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Aspirational Dining Defined

Aspirational Dining

I am a Mac guy.  This means only the occasional interruption for updates from Microsoft.  These are most often for Word for Macs.  Yet in none of these updates have they added to my spell check dictionary words like “Barack Obama, Al Qaeda, or Facebook.”  If they do implement this change they can use this as my “Windows 27 was designed by me” testimonial. When they do develop this technology they should also add the word “aspirational” to my spell check.

The phrase “aspirational” has been used to describe many things you might find endorsed by Martha Stewart.  It is used to describe the desires of people to own, do, and consume things they view as entitlements of the rich.  Anything from a new luxury car to really expensive cheese can be labeled as “aspirational.”  They are the things we want even if we know they are not truly in our price range.  These are the adult versions of that cool bike you thought would bring you a lifetime of happiness as a kid.

Read the full post at The Manager’s Office

About David Hayden

Restaurant industry professional helping small restaurants with their training, operations, and marketing needs. Author of Tips2: Tips For Increasing Your Tips and Building Your Brand With Facebook. You can also visit my other websites and blogs at: http://www.tips2book.com http://www.restaurant-marketing-plan.com http://www.themanagersoffice.com http://www.tipssquared.com http://www.foodieknowledge.com http://www.restaurantlaughs.com http://www.tipsfortips.wordpress.com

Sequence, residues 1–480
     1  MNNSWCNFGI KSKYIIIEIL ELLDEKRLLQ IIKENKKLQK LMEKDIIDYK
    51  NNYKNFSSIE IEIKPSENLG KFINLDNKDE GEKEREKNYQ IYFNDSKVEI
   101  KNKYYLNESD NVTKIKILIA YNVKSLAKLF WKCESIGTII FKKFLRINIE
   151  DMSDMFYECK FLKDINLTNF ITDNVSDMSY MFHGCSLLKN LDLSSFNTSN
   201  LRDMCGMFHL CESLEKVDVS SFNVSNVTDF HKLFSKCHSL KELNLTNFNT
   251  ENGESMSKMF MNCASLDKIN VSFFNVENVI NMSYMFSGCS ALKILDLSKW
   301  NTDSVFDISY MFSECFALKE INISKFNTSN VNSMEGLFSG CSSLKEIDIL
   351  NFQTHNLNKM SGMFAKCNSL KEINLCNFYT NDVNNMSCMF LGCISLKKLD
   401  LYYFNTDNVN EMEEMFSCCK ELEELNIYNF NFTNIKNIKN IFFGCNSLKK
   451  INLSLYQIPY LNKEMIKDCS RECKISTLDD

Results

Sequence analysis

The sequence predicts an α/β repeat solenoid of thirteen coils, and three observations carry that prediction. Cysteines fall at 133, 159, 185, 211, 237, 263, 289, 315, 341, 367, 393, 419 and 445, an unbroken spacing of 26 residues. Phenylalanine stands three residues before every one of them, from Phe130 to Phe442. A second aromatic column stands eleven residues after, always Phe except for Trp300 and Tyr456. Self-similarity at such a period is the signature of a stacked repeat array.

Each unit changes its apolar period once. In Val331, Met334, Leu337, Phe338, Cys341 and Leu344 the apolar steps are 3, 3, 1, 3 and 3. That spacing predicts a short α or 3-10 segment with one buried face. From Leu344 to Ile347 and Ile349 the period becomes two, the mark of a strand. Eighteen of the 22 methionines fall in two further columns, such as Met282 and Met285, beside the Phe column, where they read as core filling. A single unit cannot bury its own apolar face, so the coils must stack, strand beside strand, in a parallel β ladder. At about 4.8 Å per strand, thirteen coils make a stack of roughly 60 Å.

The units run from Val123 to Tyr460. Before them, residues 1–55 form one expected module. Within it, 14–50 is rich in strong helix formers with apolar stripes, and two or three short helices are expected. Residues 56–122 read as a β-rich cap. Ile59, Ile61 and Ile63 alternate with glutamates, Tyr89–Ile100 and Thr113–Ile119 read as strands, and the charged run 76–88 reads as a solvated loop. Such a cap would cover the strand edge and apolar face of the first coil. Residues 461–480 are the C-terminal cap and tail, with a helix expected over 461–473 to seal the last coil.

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4 Responses to Aspirational Dining Defined

  1. jjskck September 30, 2010 at 4:41 pm #

    When you said “premium steaks and seafood”, Capital Grille and Chart House were the chains that came to mind for me. They’re usually located in a high-traffic, touristy area where you would expect a majority of the patrons to be visitors and businessfolk.

    Really, “aspirational” depends on where you’re at on the money ladder: as a teenager, my family’s “special” dinners were at Applebee’s.

    • tipsfortips October 1, 2010 at 12:58 pm #

      This is true as well. If you make $40k a year, a $100 meal is proportionately the same as a $1000 meal to someone who makes $400k. My family went to Red Lobster for mom’s birthday when I was a kid. I remember telling my high school sweetheart to get dressed up and I was going to take her for a nice meal. She was unimpressed as we were the two most overdressed people in the Red Lobster lobby. I wonder how much of that was perception as a child and how much was them changing their concept.


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